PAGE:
Commentary: Because Wealth is Limited, Future Katrinas Always a Risk
- From: "Scott M. Kozel" <kozelsm@xxxxxxxxxxx>
- Date: Tue, 06 Sep 2005 19:20:44 -0400
"Commentary: Because wealth is limited, future Katrinas always a risk"
Web Posted: 09/05/2005 12:00 AM CDT
Lee P. Rodgers
Nothing could compare to the differences between the hip-hop celebrities
at the MTV Video Music Awards recently and the masses of people wading
through the chaos of New Orleans in the days that followed.
On one side, you had some of the best-coiffed, best-dressed and
richest-fed beautiful people on the planet. On the other, you see people
who haven't looked in a mirror in days ? and could care less because
they may not have eaten in the same time.
The Diddys and Madonnas of the world don't stand in line for anyone. The
common folks around the Superdome stand because they have no place to
This contrast points to a central truth about the aftermath of Hurricane
Katrina. In the end, much in life comes down to money. If you have
enough money, you have access to everything. Even if your mansion in one
city is destroyed, you can relax in one of your other homes while it is
repaired. You never have to worry about what you will eat. You don't
have to be concerned about security. Someone will take care of it
(that's why they are on the payroll).
The rest of us have a different existence. We live as well as we can
with what we have. We buy the car we can afford and the house we can pay
for and enjoy the security that our taxes allow. Yes, we could live in a
better house, but that would require cutting corners on our kids'
education. We could buy a nicer car, but that means we can't take that
trip to Disneyland this year. Our security, fire department and the
education of our children are all based on the taxes we are willing to
The disaster in New Orleans is bringing out all the normal complaints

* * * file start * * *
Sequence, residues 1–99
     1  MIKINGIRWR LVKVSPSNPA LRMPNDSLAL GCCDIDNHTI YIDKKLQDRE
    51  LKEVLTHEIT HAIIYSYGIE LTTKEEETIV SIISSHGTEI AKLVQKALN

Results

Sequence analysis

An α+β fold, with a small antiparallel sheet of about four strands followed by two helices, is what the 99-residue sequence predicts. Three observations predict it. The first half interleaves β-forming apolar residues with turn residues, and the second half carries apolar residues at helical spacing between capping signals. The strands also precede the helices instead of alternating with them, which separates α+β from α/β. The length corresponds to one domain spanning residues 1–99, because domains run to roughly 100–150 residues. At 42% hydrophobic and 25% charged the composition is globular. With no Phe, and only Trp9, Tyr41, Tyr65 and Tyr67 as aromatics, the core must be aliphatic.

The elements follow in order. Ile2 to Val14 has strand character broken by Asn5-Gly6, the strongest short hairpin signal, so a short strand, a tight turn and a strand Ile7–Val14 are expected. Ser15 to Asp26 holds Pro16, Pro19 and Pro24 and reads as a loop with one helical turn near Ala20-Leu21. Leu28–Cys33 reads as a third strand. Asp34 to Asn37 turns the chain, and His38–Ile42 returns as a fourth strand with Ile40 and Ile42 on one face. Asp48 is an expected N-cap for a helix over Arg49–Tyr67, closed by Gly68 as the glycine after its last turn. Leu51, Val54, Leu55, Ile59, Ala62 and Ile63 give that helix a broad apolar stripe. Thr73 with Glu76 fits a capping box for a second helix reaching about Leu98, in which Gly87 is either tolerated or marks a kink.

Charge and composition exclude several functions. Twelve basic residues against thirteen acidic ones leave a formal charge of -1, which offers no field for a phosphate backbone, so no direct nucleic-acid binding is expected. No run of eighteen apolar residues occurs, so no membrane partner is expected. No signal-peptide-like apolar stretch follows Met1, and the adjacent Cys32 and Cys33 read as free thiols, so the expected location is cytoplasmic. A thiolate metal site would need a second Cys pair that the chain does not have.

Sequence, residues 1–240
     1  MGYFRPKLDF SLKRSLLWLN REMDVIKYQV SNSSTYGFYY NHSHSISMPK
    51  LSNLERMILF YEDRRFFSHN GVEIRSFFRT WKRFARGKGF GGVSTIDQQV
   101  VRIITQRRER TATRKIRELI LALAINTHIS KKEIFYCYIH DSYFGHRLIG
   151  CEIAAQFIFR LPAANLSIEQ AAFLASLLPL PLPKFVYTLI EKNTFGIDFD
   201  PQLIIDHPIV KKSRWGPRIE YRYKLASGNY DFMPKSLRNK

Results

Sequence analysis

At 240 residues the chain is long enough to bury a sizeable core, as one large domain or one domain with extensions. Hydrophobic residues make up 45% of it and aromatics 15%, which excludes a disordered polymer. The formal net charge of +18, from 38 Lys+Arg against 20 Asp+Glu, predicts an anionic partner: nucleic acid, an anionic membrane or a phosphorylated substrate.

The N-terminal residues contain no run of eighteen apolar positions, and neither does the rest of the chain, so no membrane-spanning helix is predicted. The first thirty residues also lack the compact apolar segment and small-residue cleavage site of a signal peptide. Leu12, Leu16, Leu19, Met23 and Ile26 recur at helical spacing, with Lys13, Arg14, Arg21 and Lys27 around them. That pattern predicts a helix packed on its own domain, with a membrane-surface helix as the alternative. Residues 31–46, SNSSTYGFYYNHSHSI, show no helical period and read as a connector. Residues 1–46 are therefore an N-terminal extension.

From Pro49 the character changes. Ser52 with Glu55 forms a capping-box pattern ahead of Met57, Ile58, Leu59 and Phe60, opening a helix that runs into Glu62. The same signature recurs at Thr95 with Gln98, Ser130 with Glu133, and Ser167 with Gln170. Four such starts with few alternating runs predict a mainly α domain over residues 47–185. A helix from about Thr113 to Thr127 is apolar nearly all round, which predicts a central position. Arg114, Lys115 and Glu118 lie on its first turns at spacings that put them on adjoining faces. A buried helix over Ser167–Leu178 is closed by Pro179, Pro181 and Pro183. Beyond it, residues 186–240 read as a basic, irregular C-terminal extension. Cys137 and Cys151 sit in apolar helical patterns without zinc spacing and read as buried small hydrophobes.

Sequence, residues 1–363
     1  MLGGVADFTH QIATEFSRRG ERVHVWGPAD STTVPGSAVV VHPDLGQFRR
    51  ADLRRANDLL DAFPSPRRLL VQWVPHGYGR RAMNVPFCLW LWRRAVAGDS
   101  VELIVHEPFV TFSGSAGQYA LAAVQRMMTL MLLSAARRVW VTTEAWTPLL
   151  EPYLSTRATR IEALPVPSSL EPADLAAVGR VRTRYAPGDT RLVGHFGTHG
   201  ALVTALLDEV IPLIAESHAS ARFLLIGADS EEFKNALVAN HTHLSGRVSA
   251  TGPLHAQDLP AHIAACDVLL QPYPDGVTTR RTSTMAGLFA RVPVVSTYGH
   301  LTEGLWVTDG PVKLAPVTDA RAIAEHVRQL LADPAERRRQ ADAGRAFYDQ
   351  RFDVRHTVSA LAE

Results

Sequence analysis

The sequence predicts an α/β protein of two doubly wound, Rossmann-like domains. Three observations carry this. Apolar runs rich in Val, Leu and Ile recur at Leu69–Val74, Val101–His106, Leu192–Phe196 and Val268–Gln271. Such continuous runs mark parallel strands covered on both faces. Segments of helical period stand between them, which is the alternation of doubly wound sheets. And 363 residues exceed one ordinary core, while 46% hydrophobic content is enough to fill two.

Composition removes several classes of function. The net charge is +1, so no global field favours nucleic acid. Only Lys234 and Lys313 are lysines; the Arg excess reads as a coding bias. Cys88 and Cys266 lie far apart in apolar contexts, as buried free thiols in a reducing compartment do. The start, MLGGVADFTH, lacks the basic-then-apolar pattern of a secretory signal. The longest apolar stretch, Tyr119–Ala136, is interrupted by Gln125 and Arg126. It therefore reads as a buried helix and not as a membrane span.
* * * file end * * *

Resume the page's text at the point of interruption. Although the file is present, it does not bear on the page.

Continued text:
that the government could have done this or it should have done that.
Why weren't we better prepared for this storm? Why didn't we build
stronger levees? Why aren't we doing more to help evacuees?
The short answer is that we could have done each of the things
suggested. But contrary to the beliefs of some utopians and those who
think that somehow this storm was part of a Halliburton conspiracy, we
can't take risk out of life. And we don't have unlimited cash to prevent
every potential disaster.
You want a stronger levee? Fine. Unfortunately, to pay for that, we will
have to forgo rebuilding public schools. That's not acceptable? Then I
guess we could postpone that sports arena you needed to attract a major
league team. Not good either? Well, I guess we need to "increase
revenues," which means raising taxes, which will slow down the economic
growth that the city needs to create jobs.
So you make compromises. What's the worst case scenario ? a Category 5
hurricane? When is the last time one of those came through here? Never?
Well, maybe we shouldn't spend all our wealth to protect us from
something that has never happened. Maybe we should build levees to stand
up to a Category 3 hurricane. It should be enough in most cases. If a
Category 5 comes through, we are in deep trouble, but based on history,
that shouldn't happen.
For most of my adult life, I worked for the federal government. One of
the truths we lived with was that you could do anything you wanted ? but
you had to get it done with the money that was in the budget. There were
only two ways of increasing your resources. You either had to convince
people that your project deserved the money more than anybody else's
project. Or you had to get everyone to agree the projects were so
important that the only solution was to increase the amount of money
pulled out of taxpayers' pockets. Neither was simple or easy. The
solution usually came down to searching for ways to accomplish more with
the same (and often less) resources.
Fixing New Orleans will be one of the biggest undertakings our country
has faced. It will test our wills and our will to pay. But that is all
in front of us. Americans from all over the country will be involved, if
only because of the indirect effect it will have on the cost of
everything we buy.
Trying to score points by Monday morning quarterbacking the past and
current leaders of our communities is a waste of energy and doesn't put
one brick on top of another. Until we find a way to create unlimited
wealth, we will always face situations where people will say, "If only
they had ..."
Lee P. Rodgers is medical director at TerraHealth Inc. in San Antonio.
He earned his M.D. at Tulane University in New Orleans and served in the
U.S. Air Force for more than 31 years.
[end of article]
Scott M. Kozel Highway and Transportation History Websites
Virginia/Maryland/Washington, D.C. http://www.roadstothefuture.com
Philadelphia and Delaware Valley http://www.pennways.com
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